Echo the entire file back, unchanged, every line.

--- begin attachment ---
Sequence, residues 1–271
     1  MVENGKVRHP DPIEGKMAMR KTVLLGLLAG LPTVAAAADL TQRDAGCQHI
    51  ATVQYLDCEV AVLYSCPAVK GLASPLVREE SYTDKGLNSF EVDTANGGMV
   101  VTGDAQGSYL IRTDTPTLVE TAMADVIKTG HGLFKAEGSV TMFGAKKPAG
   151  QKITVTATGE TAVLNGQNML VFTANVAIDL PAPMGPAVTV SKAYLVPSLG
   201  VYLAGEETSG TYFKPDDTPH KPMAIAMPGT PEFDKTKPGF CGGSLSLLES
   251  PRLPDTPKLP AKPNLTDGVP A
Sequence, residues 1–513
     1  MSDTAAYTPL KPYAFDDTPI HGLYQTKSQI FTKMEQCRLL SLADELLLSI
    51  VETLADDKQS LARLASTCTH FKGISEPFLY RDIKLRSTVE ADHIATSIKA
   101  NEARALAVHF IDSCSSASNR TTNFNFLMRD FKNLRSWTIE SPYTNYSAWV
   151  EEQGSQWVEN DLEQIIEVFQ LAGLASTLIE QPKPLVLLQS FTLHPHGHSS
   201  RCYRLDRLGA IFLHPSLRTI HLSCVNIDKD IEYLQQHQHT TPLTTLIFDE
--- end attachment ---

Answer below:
Sequence, residues 1–271
     1  MVENGKVRHP DPIEGKMAMR KTVLLGLLAG LPTVAAAADL TQRDAGCQHI
    51  ATVQYLDCEV AVLYSCPAVK GLASPLVREE SYTDKGLNSF EVDTANGGMV
   101  VTGDAQGSYL IRTDTPTLVE TAMADVIKTG HGLFKAEGSV TMFGAKKPAG
   151  QKITVTATGE TAVLNGQNML VFTANVAIDL PAPMGPAVTV SKAYLVPSLG
   201  VYLAGEETSG TYFKPDDTPH KPMAIAMPGT PEFDKTKPGF CGGSLSLLES
   251  PRLPDTPKLP AKPNLTDGVP A
Sequence, residues 1–513
     1  MSDTAAYTPL KPYAFDDTPI HGLYQTKSQI FTKMEQCRLL SLADELLLSI
    51  VETLADDKQS LARLASTCTH FKGISEPFLY RDIKLRSTVE ADHIATSIKA
   101  NEARALAVHF IDSCSSASNR TTNFNFLMRD FKNLRSWTIE SPYTNYSAWV
   151  EEQGSQWVEN DLEQIIEVFQ LAGLASTLIE QPKPLVLLQS FTLHPHGHSS
   201  RCYRLDRLGA IFLHPSLRTI HLSCVNIDKD IEYLQQHQHT TPLTTLIFDE